R' Yaakov David Willowsky z"l (1845-1913; rabbi in Poland, Chicago and Tzefat; know as "Ridvaz") was one of the primary opponents of the Hetter Mechirah when the issue was most widely debated, i.e., prior to the shemittah of 5670 / 1909-10. In response to the argument in the prior paragraph, he asserted that it makes no sense to sell Eretz Yisrael in order to preserve the yishuv because, the kedushah / holiness of the Land is nullified and there remains no reason to preserve the yishuv. Once the Land is sold to a non-Jew, the agricultural mitzvot no longer apply

Not so, responded R' Avraham Yitzchak Hakohen Kook z"l (1865-1935; rabbi of Yafo; later the first Ashkenazic Chief Rabbi of Eretz Yisrael). While it is true that Eretz Yisrael has added kedushah because of the agricultural mitzvot that apply there and nowhere else, Eretz Yisrael also has inherent kedushah that is independent of the mitzvot. Indeed, our Sages say that the mitzvah of settling Eretz Yisrael is equivalent to all other commandments combined. This would be illogical if the mitzvah of settling Eretz Yisrael existed only to facilitate the performance of other mitzvot. (Both the views of Ridvaz and R' Kook are found in the latter's Shabbat Ha'aretz p.61 and Mishpat Kohen No. 63)

R' Joseph B. Soloveitchik z"l (1903-1993) explains similarly that when a Jewish farmer sells his land in Eretz Yisrael to a gentile, his act affects only his personal property rights. However, there exists another form of "ownership" of the land, and that is the eternal bond between the Jewish People as a whole and Eretz Yisrael. That ownership is not, and cannot be, severed by a private transaction. (Shiurei Harav Al Masechet Challah p.136)

On the other hand, the view of Ridvaz appears to be supported by R' Shlomo Wolbe z"l (elder teacher in the mussar movement in the last decades of the 20th century; died 2005), who asks: Why is no berachah recited on the mitzvah of living in Eretz Yisrael? He answers that, notwithstanding the many statements of our Sages about the importance of settling Eretz Yisrael, that mitzvah is not an end in and of itself. Rather, it is merely preparatory to performing other mitzvot. Regarding when Hashem placed Adam in the Garden of Eden, we read (Bereishit 2:15), "Hashem Elokim took the man and placed him in the Garden of Eden, to work it and to guard it." The classical Aramaic translation, Targum Yonatan, interprets: "To toil in Torah and guard the mitzvot." Eretz Yisrael, R' Wolbe writes, is on a lower level than Gan Eden. Therefore, we can be sure that the purpose of being on the Land also is: "To toil in Torah and guard the mitzvot." (Ha'mitzvot Ha'shekulot p.52)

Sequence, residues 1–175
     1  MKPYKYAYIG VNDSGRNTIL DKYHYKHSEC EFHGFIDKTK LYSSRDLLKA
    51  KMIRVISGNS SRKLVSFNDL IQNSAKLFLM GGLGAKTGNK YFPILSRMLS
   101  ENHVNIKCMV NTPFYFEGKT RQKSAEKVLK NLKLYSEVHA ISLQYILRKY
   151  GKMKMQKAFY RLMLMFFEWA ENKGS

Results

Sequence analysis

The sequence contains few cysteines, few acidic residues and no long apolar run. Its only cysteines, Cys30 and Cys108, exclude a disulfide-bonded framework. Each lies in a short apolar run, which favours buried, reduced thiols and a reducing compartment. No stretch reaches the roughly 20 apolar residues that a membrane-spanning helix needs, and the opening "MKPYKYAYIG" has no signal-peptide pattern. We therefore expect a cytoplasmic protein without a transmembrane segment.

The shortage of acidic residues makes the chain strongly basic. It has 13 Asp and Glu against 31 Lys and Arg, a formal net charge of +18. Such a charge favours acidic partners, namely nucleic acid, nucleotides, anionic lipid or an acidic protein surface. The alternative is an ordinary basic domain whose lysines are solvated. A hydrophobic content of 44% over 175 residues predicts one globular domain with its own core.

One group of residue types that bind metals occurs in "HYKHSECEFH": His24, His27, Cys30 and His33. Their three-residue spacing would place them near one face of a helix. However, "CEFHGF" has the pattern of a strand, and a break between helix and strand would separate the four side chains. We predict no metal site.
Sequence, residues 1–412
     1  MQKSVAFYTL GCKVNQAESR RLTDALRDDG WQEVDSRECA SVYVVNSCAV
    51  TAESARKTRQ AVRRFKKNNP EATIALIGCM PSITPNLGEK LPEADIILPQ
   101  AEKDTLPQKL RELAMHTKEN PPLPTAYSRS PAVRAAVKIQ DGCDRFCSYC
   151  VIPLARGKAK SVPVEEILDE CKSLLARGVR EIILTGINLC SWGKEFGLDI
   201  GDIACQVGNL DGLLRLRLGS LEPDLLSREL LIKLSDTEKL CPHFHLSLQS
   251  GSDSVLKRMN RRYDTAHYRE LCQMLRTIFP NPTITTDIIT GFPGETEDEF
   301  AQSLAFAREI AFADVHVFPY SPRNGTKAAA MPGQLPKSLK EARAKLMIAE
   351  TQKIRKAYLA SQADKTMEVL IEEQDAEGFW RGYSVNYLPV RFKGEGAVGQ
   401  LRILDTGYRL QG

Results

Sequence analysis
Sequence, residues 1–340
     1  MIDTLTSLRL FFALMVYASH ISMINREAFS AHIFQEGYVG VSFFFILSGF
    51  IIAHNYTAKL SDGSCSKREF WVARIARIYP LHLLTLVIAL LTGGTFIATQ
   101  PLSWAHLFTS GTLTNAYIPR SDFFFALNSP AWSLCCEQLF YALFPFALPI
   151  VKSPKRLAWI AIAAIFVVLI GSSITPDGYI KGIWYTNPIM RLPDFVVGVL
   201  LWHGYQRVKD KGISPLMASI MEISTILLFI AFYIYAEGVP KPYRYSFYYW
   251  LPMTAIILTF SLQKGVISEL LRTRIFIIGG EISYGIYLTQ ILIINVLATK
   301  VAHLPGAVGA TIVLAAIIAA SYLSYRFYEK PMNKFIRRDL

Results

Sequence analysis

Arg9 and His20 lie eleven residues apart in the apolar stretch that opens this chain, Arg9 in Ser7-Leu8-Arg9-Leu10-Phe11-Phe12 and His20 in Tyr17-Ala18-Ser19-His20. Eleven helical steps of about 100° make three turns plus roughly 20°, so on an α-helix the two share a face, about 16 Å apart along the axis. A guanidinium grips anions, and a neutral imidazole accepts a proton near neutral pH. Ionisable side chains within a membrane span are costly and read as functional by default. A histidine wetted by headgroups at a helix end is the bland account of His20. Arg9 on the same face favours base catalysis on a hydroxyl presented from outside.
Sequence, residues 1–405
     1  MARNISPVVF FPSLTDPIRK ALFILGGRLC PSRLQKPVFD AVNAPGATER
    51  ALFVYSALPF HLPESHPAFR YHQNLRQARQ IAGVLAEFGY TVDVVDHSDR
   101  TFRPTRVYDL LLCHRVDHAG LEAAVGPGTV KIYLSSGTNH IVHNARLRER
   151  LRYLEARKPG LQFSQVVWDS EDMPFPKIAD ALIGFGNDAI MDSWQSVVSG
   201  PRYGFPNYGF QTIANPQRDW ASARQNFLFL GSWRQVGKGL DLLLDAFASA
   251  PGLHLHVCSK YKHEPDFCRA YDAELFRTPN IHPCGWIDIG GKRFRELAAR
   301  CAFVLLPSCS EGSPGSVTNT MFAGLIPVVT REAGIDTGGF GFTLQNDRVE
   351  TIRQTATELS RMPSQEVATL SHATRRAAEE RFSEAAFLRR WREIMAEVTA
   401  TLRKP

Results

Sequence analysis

Finally, it should be noted that based on the justification for the Hetter Mechirah contained in the first paragraph of this article, some contemporary poskim question whether even the authorities who supported the Hetter Mechirah in the shemittah year of 5670 / 1909-10 would continue to support it today. Now, they argue, the yishuv would be viable even if shemittah were observed. Other poskim do support the Hetter Mechirah even today.

********

Letters from Our Sages

The following are excerpts from a letter written by R' Tzaddok Hakohen z"l (1823-1900; Rebbe of Lublin; considered to be one of the greatest scholars and thinkers of the chassidic movement) to a doctor in Manchester, England named Asher, described as a childhood friend of the author. The letter is dated a week after Pesach in 1864 and is printed in Sifrei R' Tzaddok.

Your letter reached me on the 11th of the month [of Nissan], the day on which the prince of the tribe of Asher brought his offering [at the time of the dedication of the Mishkan]. This is surely an omen that you are following in the ways of your ancestors. [As noted above, the recipient's name was Asher. R' Tzaddok goes on to write that he had heard incorrectly that his friend had settled in America, where most people had thrown off the Torah. He was happy to read that his friend was actually in England, where the Jewish community "was more loyal to the ways of Moshe Rabbeinu". R' Tzaddok continues:]

Perhaps you remember the days of old, when I was twelve years old - it is engraved in my memory that I wrote the year [5595 / 1835] in my letter [to you] as the gematria of the phrase, "Shaiv ba'aretz" / "Settle in the land." As the Gemara (Bava Batra 12b) says, "Now that there are no prophets, prophecy was given to children." I was hinting to you then that you should not wander to the ends of the earth . . . It also hinted to that which you were destined to ask me 29 years later. [Ed. note: Although it is nowhere stated, Asher apparently asked R' Tzaddok's advice about settling in Eretz Yisrael.]

In truth, based on your station in life, there is no question. It is obvious to any thinking person that leaving England, which is rich in silver and gold, but poor in Torah and mitzvot, is an absolute obligation upon every loyal Jew, a believer the son of believers, who fears Hashem and loves Torah and mitzvot . . .

And even if you will tell me that it is not an obligation, nevertheless, no one denies that living in Eretz Yisrael is a great thing even nowadays . . .

Go and succeed, and I pray to the Blessed Hashem that He will direct your heart and the hearts of your family members to fulfill this matter as soon as possible. . . [Ed. note: R' Tzaddok himself attempted to leave Lublin to settle in Eretz Yisrael, but his chassidim dissuaded him.]


Copyright 2007 by Shlomo Katz and Torah.org.